BPNG backs bid to review super funds

Main Stories, National

The National – Tuesday, February 1, 2011

THE Bank of Papua New Guinea is supporting the proposal by Nambawan Super Ltd (NSL) to review the Superannuation General Act 2000, the umbrella legislation covering the operations of all super funds in Papua New Guinea.
According to NSL managing director Leon Buskens, a task force was established to review the SGPA legislation introduced by the Mekere government more than 10 years ago.
“Nambawan Super is in the forefront of lobbying to enact key changes to the act to improve operational arrangements aiming to achieve more benefits for members, especially in light of the economic boom expected from the LNG project,” Buskens said in a statement yesterday.
He said the Bank of PNG had indicated its support for the proposal to set up a task force committee to review the act.
 “Nambawan Super’s board and management are in regular contact with the industry regulator (Bank of PNG) as well as the government and other industry participants. 
“Last year, we wrote to the regulator proposing a comprehensive review of the Superannuation Act. 
“We are pleased to report that the bank has been receptive to this and will present the proposal to the minister for finance and treasury,” Buskens said.
Nambawan Super had proposed changes on its services to include contribution rates, life and medical insurance, payments on compassionate ground, family super, housing withdrawals, extending the super net and RSA limited increase.
It had proposed increasing compulsory contribution rates by 2%, which would move the current employee portion of 6% to 8% and the employer portion from 8.4% to 10.4%.
NSL also proposed to fund members’ life insurance premiums from its profits by election by each member and with extra contributions by them and would recommend to consider the position if compulsory contribution rates were increased.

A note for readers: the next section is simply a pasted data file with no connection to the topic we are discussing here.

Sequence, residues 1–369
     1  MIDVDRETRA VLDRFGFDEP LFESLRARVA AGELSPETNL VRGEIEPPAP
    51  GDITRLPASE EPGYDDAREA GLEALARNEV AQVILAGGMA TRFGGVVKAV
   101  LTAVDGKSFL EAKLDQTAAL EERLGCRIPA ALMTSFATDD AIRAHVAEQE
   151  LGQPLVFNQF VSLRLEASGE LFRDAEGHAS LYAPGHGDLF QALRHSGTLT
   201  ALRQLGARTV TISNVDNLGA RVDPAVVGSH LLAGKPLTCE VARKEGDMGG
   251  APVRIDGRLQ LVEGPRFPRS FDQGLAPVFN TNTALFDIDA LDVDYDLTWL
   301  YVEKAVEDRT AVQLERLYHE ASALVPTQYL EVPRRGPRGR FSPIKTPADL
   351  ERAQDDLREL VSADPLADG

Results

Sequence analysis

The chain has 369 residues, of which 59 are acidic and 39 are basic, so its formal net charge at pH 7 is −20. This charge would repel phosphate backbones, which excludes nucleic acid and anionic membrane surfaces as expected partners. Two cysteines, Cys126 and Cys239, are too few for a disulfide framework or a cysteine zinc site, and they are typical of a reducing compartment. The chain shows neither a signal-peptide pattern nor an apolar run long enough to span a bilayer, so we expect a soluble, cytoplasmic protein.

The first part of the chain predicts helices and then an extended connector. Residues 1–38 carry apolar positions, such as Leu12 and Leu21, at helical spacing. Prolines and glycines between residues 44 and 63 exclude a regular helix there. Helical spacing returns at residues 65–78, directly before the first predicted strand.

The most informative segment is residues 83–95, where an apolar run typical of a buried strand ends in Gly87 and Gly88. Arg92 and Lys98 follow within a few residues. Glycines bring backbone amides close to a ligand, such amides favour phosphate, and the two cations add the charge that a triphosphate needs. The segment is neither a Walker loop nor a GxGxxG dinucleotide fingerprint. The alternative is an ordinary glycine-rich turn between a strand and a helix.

It also advocated amending the legislation to allow the trustee to be able to make payments to a member on compassionate grounds, such as where the member’s immediate family is critically ill and life can be prolonged with medical treatment.
It was also in favour of introducing a new product to allow fund members to have sub-accounts for their family members. These accounts would be set up on voluntary contributions.
“A culture of savings in our society will also be promoted here,” Buskens said.
“For housing withdrawals, NSL considers putting in place a formula that allows the member to use part of his or her employer contributions for this important purpose.
“In extending the super net, NSL has proposed lower contribution rate for companies employing 15 people to contribute to superannuation which provides a scope for the self-employed to contribute to superannuation.
“NSL recommended consideration of K500,000 as the revised maximum that could be held in the RSA product as it believes that as member balances continue to increase, it makes sense for RSA maximum to increase as well,” he said.
It was not clear if the National Superannuation Fund (Nasfund) was aware of the proposal and had come up with similar recommendations to BPNG.